So it didn’t go the way you have planned, the way you have imagined it--so what? Make it work. Do what you need to do to make it work.

I realize that I have been winging it for several years now. I have been adjusting my responses according to the particular requirements of a moment. I have, in other words, been making my life work for me, no matter what. My life has not at all turned out the way I had originally planned—it has taken turns in a way that I never imagined or thought I’d have the constitution for. Let me put it this way: the ideal life that I wrote about in my grade school slum book (Ideal Age for Marriage: 25, Ideal Mate: Tall, dark, handsome, Ideal Number of Children: 3 to 5, Ideal Profession: President of Coca-Cola—I’m not kidding ☺)? It is sooo NOT the life that I have now, and yet I look at what I have and think, in amazement, Wow, that’s really me. It’s so uniquely mine. Every single part in it I chose. Even the ones that seemed to have landed on my lap, that seemed to have chosen me, I chose back, I embraced. There’s not one thing in it—and this isn’t something that I would have been able to say in the past—that I regret or would have otherwise.

Here’s another thing I wouldn’t have been able to say before, either: I wouldn’t trade my life for anyone else’s in the world. (Hmm…OK, except maybe for Angelina Jolie’s or Kate Winslet’s or J.K. Rowling’s ☺.)

“We must accept our reality as vastly as we possibly can,” wrote the poet Rainer Maria Rilke. “Everything, even the unprecedented, must be possible within it.” My life so far has certainly proven to me countless times that it is not limited—nor can it be limited—to scenarios or situations that I’m used to or comfortable with. It is not limited to things I’ve learned from the family, the religion, the culture, the society that I grew up in. Life is much bigger than all of that combined. Some new surprise, something I’ve never encountered before, will always spring out at me. Curveballs will always zing towards me from seemingly out of nowhere. The question is: do I develop the flexibility, the mental and emotional openness and agility to adjust my stance—adjust my perceptions and recalibrate my responses--in order to catch it? Or do I stubbornly root myself in my old position—in my usual thinking, in the way I’ve always done things—and helplessly watch that ball painfully hit me on the head yet another time?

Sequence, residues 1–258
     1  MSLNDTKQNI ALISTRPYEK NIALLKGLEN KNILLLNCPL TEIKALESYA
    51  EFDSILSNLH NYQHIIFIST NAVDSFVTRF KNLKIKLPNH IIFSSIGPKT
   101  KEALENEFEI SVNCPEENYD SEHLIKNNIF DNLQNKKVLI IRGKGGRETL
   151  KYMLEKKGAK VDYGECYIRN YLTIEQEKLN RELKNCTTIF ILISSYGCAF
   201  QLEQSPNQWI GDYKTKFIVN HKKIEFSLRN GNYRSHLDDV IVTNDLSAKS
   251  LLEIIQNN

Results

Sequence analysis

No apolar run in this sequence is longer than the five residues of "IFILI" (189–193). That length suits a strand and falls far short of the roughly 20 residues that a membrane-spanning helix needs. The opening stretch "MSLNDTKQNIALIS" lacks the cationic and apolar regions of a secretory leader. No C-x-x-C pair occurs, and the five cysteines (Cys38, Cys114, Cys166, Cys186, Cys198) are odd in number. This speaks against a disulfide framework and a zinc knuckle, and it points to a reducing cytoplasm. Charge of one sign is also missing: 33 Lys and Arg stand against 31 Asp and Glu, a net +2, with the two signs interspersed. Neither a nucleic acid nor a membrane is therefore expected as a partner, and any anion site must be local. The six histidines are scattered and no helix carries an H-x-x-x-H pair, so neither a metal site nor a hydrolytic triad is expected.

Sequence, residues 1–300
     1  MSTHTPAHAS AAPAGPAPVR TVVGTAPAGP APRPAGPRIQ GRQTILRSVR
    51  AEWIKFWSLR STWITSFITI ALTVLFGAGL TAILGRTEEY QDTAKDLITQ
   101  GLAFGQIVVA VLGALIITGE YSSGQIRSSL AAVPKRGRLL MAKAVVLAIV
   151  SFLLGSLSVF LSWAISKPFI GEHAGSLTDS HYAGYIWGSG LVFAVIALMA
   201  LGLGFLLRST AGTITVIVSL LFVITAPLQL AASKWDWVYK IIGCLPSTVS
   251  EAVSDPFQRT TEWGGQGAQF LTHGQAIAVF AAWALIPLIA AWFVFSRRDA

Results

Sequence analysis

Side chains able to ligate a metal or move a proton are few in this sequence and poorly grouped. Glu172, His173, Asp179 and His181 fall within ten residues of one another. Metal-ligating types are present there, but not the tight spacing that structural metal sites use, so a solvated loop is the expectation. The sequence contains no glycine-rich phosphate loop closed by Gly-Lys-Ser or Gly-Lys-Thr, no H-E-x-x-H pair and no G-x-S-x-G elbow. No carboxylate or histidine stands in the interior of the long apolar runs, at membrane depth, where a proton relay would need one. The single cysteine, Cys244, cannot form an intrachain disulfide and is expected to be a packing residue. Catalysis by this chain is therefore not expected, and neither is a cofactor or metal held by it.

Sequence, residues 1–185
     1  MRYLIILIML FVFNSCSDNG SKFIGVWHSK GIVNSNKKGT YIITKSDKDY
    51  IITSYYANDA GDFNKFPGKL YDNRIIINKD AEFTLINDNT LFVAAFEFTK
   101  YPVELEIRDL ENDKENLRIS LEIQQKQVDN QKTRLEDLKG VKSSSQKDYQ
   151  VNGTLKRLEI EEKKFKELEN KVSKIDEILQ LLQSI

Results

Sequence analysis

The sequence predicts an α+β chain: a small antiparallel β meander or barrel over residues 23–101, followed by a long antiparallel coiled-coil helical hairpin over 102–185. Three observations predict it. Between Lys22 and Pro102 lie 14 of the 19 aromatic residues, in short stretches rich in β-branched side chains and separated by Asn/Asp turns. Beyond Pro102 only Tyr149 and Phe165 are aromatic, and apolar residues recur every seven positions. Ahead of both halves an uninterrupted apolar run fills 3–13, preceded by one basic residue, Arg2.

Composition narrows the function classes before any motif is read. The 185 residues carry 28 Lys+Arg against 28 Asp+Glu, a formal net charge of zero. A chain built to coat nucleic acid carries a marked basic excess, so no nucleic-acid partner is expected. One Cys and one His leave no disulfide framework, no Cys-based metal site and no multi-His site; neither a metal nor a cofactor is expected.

I’ve learned the hard (a.k.a. painful) way that just because a situation or an event is something I’ve not seen nor experienced before doesn’t mean it’s “impossible” or “wrong” or “a mistake” or “not for me”. In other words, I have come to embrace the reality, the fact, that anything can happen, anything at all is possible. And while that idea used to scare the shit out of me, it is now the one promise—the one constant--in life that I rely on, that I know I can always count on. And that no matter what other new, unprecedented things life may throw at me, I know—with absolute certainty--that, as my friend Erin (in Barcelona now, hyper-consciously experiencing this whole concept) says, “it’s going to be awesome.”

I know because, well…it already is.

The cast of SALLY'S SHORTS (a night of one-act plays by American playwright Sally Nemeth) with our fabulous director, Michelle Washington (the bald-headed Superwoman beside me). 
Cast and crew 

With co-actress (for one-act play LILY) LaRita Hamilton